2. Brenda reads record Y (while it's still 30), and the system-generated record version number (which is still version 1, as the record's not changed yet)
    3. Albert adds 20 to his value (30), and updates X to 50. The update is only permitted because Albert's version number (1) matches the current version number (1). The system updates the version number to 2
    4. Brenda subtracts 10 from her value (30), and tries to update X to 20.This update is not permitted as Brenda's version number (2) does not match the current version number (1). So, Brenda will get an error
    5. Brenda now tries again, reading now read the current value (50) and version number (2), then subtracting 10, and the update is allowed
    The concurrency gain is that Albert, Brenda and the rest of the alphabetical users can read and update with no blocks, except when there is a conflict. The drawback is that the system will need to do something (even if it is just give an error message), when there is a conflict.
    .
    What are the options
    Given this post is about a feature that was introduced in CRM 2016, what do you think happened before (and now, because you have to explicitly use optimistic concurrency). If it's not optimistic concurrency, then it's either pessimistic or chaos. And it's not pessimistic locking, as if Microsoft defaulted to this, then CRM would grind to a locked halt if users often tried to concurrently access records.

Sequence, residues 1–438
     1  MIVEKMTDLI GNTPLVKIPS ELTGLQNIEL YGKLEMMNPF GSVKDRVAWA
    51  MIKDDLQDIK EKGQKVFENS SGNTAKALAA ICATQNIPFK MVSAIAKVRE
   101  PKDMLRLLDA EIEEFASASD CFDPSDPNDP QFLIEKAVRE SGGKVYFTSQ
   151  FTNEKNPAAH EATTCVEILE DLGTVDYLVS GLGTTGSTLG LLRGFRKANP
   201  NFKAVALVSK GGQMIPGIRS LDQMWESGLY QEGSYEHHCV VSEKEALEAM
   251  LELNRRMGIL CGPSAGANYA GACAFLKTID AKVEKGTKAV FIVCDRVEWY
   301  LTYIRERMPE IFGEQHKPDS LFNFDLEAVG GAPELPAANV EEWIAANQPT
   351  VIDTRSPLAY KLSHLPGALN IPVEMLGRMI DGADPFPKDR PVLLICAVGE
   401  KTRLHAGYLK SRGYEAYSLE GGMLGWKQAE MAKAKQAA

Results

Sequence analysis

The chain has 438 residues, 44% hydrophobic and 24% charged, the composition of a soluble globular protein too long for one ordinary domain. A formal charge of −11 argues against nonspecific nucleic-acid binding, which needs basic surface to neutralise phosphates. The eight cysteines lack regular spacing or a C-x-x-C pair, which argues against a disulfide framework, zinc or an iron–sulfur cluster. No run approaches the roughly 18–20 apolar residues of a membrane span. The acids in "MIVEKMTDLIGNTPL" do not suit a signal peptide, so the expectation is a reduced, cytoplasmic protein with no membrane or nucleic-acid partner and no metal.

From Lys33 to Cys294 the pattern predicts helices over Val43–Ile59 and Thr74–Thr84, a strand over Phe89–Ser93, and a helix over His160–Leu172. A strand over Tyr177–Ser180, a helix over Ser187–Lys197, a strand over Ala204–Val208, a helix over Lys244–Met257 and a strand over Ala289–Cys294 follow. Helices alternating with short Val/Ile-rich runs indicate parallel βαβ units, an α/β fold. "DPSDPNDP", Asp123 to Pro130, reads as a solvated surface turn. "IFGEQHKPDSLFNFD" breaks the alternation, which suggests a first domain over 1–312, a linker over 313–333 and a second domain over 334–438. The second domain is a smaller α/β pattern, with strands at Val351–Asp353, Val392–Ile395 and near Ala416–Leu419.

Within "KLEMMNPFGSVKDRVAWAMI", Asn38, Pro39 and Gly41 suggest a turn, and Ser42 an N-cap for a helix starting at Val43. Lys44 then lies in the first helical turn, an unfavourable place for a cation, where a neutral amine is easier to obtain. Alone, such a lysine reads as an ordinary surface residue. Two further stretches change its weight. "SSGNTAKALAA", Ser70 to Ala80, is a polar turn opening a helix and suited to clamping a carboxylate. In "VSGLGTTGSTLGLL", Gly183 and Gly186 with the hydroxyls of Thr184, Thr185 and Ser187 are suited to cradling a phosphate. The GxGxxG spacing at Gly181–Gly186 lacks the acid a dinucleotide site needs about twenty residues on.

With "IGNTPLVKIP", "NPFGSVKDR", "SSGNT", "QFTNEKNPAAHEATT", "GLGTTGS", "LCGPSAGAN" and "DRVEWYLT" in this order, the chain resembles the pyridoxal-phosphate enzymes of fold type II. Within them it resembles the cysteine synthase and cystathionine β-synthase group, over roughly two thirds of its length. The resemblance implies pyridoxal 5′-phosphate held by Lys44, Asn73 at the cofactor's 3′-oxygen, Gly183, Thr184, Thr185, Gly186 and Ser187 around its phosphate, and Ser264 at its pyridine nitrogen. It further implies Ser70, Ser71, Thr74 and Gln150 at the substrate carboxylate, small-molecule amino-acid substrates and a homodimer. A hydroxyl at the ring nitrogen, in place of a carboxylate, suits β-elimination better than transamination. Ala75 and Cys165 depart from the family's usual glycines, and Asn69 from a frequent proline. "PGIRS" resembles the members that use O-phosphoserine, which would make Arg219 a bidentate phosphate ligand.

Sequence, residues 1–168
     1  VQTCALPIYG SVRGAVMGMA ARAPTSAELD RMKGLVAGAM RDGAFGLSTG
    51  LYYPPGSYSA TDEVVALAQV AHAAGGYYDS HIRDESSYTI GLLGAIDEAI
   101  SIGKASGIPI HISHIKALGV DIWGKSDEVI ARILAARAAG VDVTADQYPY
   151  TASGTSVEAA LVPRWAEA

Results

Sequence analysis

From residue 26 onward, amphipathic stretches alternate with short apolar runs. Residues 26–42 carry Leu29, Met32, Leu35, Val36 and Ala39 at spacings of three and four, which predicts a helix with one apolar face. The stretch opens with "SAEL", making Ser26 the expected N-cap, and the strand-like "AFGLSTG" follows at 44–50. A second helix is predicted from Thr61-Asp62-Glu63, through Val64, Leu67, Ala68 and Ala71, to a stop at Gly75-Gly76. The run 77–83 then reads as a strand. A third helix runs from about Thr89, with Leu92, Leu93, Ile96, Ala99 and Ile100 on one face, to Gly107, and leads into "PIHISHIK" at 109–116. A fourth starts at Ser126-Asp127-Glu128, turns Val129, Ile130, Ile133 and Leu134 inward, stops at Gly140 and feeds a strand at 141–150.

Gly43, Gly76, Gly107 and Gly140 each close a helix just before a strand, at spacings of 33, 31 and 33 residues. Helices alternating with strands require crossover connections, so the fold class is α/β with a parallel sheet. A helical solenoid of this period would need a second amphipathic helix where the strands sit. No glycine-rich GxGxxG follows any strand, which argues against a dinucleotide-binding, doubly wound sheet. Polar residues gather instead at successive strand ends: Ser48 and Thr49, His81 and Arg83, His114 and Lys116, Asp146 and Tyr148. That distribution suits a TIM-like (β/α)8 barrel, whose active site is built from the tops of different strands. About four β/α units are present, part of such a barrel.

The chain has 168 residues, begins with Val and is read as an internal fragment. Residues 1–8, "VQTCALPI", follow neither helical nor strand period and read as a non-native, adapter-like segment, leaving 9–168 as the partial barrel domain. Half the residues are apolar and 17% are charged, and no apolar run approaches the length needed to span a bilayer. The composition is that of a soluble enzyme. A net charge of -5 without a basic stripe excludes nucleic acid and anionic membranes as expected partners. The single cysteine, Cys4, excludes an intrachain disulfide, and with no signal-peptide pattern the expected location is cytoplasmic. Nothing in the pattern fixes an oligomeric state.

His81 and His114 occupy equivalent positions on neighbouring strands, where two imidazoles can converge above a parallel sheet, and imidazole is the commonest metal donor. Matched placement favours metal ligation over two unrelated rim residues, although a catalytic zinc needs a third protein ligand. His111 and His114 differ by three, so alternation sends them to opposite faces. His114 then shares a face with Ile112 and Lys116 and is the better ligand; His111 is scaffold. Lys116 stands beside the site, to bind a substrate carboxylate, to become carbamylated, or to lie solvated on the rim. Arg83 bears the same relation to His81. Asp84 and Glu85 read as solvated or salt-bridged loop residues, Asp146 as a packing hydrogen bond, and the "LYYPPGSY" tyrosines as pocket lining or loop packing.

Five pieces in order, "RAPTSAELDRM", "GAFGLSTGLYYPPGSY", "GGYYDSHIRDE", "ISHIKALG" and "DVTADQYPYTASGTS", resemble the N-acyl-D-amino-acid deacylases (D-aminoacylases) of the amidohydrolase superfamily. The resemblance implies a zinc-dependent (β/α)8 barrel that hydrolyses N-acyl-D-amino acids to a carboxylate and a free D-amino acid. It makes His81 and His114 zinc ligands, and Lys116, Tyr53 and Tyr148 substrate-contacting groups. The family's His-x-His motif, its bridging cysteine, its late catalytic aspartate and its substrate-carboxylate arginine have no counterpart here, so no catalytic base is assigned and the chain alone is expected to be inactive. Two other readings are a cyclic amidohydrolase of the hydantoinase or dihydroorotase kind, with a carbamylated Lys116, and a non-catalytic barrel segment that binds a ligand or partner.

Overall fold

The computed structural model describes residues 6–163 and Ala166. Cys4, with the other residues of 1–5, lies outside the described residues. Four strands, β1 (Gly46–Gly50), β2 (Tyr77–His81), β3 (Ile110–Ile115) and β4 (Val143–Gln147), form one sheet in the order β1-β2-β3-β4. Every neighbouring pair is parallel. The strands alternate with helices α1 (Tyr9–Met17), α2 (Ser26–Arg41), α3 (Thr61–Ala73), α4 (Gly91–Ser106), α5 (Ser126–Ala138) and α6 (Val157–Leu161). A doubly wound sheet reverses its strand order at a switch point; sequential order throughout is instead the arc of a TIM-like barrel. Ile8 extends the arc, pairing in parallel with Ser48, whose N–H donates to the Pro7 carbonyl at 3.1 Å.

Maybe I want to be a pessimist
    As chaos sounds bad, maybe you don't believe that CRM would grind to a locked halt, or you're happy that users don't need concurrent access, or you've been asked to prevent concurrent access to records (see note 1). So, can we apply pessimistic locking ? The short answer is 'no', and most longer answers also end up 'no'. Microsoft give us almost no control over locking (see note 2 for completeness) within CRM, and definitely no means to hold locks beyond any one call. If you want to prolong the answer as much as you can, you might conceive a mechanism whereby users only get user-level update access to records, and have to assign the record to themselves before they can update it, but this doesn't actually work either, as a user may still be making the update based on a value they read earlier. And you can't make it user-level read access, and the user then wouldn't be able to see a record owned by someone else to be able to assign it to themselves.

    OK, I'll be an optimist
    So, how do we use optimistic concurrency ? First of all, not every entity is enabled for optimistic concurrency, but most are. This is controlled by the IsOptimisticConcurrencyEnabled property of the entity, and by default it is true for all out-of-box entities enabled for offline sync, and for all custom entities. You can check this property by querying the entity metadata (but not in the EntityMetadata.xlsx document in the SDK, despite the SDK documentation)